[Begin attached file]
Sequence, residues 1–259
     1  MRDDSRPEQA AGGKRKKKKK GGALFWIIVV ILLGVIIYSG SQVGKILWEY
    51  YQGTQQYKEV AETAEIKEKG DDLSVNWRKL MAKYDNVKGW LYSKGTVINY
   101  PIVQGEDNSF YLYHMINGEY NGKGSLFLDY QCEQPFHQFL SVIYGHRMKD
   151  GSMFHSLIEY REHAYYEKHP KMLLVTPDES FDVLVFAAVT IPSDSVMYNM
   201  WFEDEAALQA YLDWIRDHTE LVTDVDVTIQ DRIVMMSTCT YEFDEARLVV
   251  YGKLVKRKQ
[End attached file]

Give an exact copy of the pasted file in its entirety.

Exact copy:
Sequence, residues 1–259
     1  MRDDSRPEQA AGGKRKKKKK GGALFWIIVV ILLGVIIYSG SQVGKILWEY
    51  YQGTQQYKEV AETAEIKEKG DDLSVNWRKL MAKYDNVKGW LYSKGTVINY
   101  PIVQGEDNSF YLYHMINGEY NGKGSLFLDY QCEQPFHQFL SVIYGHRMKD
   151  GSMFHSLIEY REHAYYEKHP KMLLVTPDES FDVLVFAAVT IPSDSVMYNM
   201  WFEDEAALQA YLDWIRDHTE LVTDVDVTIQ DRIVMMSTCT YEFDEARLVV
   251  YGKLVKRKQ